Chandrayaan-3: India’s historic Moon mission lifts off successfully
India is giving the Moon landing another shot! After a setback in 2019, India has successfully lift off the Chandrayaan-3 mission on July 14 at 5 A.M. EDT to try and make history by landing on the Moon successfully. The successful launch has sparked excitement and interest worldwide. Expectations and hopes run high for a successful touchdown as the mission embarks on its journey to the Moon.
Read this blog to learn more about the remarkable achievement of India in its space exploration journey.
Chandrayaan-3 Mission: Stepping Closer to the Moon
The Chandrayaan-3 spacecraft comprises two parts – the lander Vikram (named in honour of the father of the Indian space program Vikram Sarabhai) and the rover Pragyan (which means wisdom in Sanskrit). Their first attempt, Chandrayaan-2, didn’t completely fail, as it sent an orbiter to the Moon that still gathers useful data.
This time, they have made some important changes to Vikram. It now weighs 1,752 kilograms, almost 280 kilograms heavier than the previous model. This additional weight is related to better safety measures and carries extra fuel. The Indian Space Research Organization (ISRO) wants to be prepared for potential failures, so they have built Vikram with more backup systems, stronger legs to bear the mechanical shock, and a new velocity sensor to navigate better.
Chandrayaan-3’s total weight is 3,900 kilograms, just within the limit of India’s most powerful rocket, GSLV Mk III. ISRO’s chairman, S. Somanath, gives a different approach for Chandrayaan-3 in a press briefing. Instead of designing for success based, they focused on what could go wrong and how to prevent those failures. They carefully considered sensor, engine, algorithm, and calculation failures. Once deployed into a highly elliptical Earth orbit at approximately 170 altitudes by 36,500 kilometres, the Chandrayaan 3 orbiter will guide Vikram towards the Moon.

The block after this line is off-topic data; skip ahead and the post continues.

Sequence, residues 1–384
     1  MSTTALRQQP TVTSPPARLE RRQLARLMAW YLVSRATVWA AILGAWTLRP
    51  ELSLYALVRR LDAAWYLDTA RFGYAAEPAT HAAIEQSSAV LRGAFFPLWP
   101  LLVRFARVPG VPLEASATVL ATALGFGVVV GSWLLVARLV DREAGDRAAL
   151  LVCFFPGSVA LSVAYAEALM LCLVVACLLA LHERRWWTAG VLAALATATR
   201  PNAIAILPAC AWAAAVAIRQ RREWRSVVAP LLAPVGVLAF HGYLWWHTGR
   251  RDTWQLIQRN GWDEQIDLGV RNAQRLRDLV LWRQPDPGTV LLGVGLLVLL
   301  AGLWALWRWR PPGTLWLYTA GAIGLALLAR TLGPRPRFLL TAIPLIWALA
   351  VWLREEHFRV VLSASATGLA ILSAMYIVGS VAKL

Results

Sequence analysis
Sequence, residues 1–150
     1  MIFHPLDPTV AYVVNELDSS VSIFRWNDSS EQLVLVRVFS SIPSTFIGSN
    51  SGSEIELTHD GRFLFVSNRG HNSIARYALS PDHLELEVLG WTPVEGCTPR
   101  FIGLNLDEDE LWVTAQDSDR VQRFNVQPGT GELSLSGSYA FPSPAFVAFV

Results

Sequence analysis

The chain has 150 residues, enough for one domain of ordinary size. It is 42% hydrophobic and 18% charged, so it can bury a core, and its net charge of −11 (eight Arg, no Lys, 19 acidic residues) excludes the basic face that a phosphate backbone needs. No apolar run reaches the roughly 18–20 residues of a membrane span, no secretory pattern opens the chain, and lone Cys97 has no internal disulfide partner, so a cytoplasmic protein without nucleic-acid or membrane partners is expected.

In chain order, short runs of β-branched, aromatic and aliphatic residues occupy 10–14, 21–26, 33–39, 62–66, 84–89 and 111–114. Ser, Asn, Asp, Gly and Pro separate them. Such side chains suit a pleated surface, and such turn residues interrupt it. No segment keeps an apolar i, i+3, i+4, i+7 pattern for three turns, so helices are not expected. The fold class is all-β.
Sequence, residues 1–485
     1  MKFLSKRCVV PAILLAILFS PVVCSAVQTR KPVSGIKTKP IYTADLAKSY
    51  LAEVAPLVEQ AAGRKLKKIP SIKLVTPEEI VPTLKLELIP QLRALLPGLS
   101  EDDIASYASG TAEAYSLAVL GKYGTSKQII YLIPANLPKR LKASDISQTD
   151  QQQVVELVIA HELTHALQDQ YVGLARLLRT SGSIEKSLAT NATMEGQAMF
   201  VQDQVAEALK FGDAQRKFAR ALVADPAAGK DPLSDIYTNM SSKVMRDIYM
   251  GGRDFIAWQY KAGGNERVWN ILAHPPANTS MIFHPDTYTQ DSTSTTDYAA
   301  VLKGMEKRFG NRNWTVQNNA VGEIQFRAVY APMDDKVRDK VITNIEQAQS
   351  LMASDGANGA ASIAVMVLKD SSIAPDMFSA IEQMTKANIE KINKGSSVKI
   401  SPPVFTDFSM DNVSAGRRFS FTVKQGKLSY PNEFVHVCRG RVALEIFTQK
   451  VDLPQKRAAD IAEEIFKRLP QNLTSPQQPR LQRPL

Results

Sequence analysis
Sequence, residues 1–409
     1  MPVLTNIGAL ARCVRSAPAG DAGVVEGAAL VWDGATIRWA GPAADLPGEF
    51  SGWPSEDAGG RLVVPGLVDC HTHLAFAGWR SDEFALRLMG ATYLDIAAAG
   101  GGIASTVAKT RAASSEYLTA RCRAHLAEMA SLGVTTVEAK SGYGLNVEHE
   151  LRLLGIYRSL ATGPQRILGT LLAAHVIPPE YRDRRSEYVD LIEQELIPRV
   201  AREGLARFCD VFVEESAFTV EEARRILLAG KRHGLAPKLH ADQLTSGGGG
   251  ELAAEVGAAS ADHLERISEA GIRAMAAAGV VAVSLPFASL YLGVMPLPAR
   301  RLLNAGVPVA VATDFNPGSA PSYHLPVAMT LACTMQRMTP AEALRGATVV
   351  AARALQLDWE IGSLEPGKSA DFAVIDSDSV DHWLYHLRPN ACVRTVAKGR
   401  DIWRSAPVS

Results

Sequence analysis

Upon arrival at the Moon, the craft will be maneuvered into a circular polar orbit, 100 km above the lunar surface.
When Vikram is in position, it will separate from the orbiter and move closer to the Moon. On August 23, it will initiate an independent descent to the lunar surface. This descent will be meticulously orchestrated using its four 800-newton engines and eight thrusters, which will constantly adjust based on input from its sensors regarding distance, velocity, orientation, and imaging.
If everything goes according to plan, India will become the fourth nation to set foot on the moon after the United States, the former Soviet Union, and China.
Lunar Exploration at High Latitude Frontier
Chandrayaan-3 has sights on an unexplored lunar region near the pole at coordinates 69.37 S, 32.35 E. This area is part of a larger rocky highland, chosen by ISRO scientists and engineers using high-resolution images from Chandrayaan-2 and NASA’s Lunar Reconnaissance Orbiter.
Vikram will deploy a 26-kilogram rover named Pragyan onto the lunar surface for the mission. The six-wheeled rover is powered by solar energy that will communicate with Earth through the lander. It will explore the landing region for 14 Earth days (equivalent to one lunar day) on a path that balances engineering safety and scientific insights.